by Ruchira Paul
We don't have accurate standards for measuring smell. No yard stick like the wavelength of light, nor any criterion like scale, pitch or timbre that measure sound, exists for odor perception. We don't even have very good words to describe smells. Yet like sight and sound our sense of smell is a powerful component of our experience and memory.
The exact mechanism of olfaction is still being debated. Odors are defined by our reaction to them. Adjectives like overpowering, fruity, spicy, pungent, appetizing, stale, putrid etc. are used to describe smells. We have formulaic expressions such as bouquet, aroma, fragrance or stench which can encompass a whole host of different smells, unlike a precise word like “blue.” The best we can do sometimes is to compare a new smell to another familiar one. We resort to evocative similes such as “the restaurant had a dank odor like a musty cellar,” “her hair smelt of green apples,” “he reeked of alcohol and tobacco,” or “the garbage is stinking of rotten eggs.” We use abstract concepts for imagined odors – a smell like death, the acrid smell of fear, smelling victory. Impossible though it may be to put in words, we are constantly reacting to our environment through our sense of smell. Recording an odor in the brain can also trigger other physiological reactions – increase or decrease in appetite, nausea, feeling of cleanliness, relaxation, sexual arousal. We even smell danger. In the case of fire we often smell it burning before we see its light or feel its heat. Most of the time we are able to get a fair idea of what an odor may be like from its description, provided we are familiar with the reference through prior experience.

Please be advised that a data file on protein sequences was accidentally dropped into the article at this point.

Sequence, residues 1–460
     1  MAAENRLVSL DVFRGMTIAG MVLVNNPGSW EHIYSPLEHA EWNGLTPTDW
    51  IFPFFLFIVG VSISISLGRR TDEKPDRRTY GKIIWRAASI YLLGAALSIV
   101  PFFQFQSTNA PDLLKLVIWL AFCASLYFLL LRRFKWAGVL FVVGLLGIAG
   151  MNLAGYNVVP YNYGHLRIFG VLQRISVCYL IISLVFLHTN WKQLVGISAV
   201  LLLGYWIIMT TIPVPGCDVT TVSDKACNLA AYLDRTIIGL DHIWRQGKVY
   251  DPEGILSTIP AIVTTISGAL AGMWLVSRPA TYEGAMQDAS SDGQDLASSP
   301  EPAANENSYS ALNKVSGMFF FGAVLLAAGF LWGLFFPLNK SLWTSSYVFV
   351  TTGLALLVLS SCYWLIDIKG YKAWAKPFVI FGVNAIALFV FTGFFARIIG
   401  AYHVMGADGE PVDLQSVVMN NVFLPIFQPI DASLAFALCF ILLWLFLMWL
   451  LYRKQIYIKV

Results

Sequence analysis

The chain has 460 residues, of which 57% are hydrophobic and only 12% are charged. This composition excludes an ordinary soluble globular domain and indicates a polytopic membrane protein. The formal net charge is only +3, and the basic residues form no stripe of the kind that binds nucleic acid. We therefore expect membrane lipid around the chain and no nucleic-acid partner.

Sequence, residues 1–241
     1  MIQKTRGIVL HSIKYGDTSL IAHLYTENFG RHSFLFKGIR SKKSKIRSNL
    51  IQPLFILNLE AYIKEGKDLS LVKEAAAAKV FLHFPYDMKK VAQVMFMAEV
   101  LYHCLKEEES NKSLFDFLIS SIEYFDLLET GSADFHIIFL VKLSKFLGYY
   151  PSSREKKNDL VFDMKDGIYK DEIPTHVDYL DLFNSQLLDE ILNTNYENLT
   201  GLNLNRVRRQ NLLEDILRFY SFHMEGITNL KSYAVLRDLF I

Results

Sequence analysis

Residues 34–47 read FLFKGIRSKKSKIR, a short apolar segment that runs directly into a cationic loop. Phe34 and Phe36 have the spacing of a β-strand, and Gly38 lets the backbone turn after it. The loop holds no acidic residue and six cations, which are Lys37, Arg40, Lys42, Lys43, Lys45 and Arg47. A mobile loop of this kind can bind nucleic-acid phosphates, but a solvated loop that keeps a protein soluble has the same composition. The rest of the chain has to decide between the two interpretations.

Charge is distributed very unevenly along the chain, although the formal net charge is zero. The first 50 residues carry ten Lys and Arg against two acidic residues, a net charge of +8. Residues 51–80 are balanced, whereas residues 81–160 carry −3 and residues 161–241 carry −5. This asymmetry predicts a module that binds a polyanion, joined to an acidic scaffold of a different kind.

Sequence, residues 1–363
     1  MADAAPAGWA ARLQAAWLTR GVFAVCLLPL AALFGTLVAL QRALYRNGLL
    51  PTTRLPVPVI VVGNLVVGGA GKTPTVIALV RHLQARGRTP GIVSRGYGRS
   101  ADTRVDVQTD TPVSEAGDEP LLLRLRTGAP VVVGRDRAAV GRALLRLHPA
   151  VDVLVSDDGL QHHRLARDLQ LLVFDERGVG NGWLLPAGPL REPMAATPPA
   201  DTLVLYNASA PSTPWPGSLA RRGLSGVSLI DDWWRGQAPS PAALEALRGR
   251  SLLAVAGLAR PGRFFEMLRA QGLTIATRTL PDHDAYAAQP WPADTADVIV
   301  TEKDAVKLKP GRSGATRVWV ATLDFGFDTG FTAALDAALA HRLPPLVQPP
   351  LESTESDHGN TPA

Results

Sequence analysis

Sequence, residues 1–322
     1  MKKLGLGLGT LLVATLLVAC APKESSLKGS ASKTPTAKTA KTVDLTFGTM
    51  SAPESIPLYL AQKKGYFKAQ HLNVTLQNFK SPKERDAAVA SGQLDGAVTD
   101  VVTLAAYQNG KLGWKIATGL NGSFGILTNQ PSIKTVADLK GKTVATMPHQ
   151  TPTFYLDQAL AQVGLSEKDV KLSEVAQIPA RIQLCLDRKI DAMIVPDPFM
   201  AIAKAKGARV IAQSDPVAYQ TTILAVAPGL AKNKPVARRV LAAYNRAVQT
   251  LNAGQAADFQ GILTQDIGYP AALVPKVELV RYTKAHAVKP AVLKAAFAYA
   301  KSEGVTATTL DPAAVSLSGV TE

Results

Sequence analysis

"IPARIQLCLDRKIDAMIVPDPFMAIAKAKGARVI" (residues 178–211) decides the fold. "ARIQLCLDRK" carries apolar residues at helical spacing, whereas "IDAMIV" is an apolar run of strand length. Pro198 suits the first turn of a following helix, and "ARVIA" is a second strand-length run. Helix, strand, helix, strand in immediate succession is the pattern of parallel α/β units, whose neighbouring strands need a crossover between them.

Smells are powerful reminders of our past experiences. It has been established that the olfactory memory stays with us long after visual memory has faded. Vivid childhood memories are very often intimately associated with distinct scents. We clearly remember festive days, our mother's proximity and mundane household routines from remembered smells. Most of us who are parents, forever recall the happy smell of an amalgamation of baby powder and regurgitated milk which dominated our senses when our children were infants. A particular scent in one place reminds us of another one far away. Many of us are reminded of the homes we have lived in and the places we have visited through odors. I have never encountered the very special fragrance of wet earth after the first monsoon rains break the oppressive monotony of the scorching summer heat, anywhere outside India. A pleasant smell does not necessarily evoke pleasant memories and neither is a foul odor always a reminder of an unpleasant one. A friend of mine could not stand the perfume of sandalwood; it reminded her of the day in childhood when her grandfather died and the house was redolent with the scent of sandalwood incense. On the other hand, the rather noxious reek produced by the intermingling vapors of benzene, acetone and acetic acid, the stock odor of all chemistry labs, to this day floods my mind with pleasing nostalgia for the earnest hours spent as a student and teacher of chemistry many moons ago.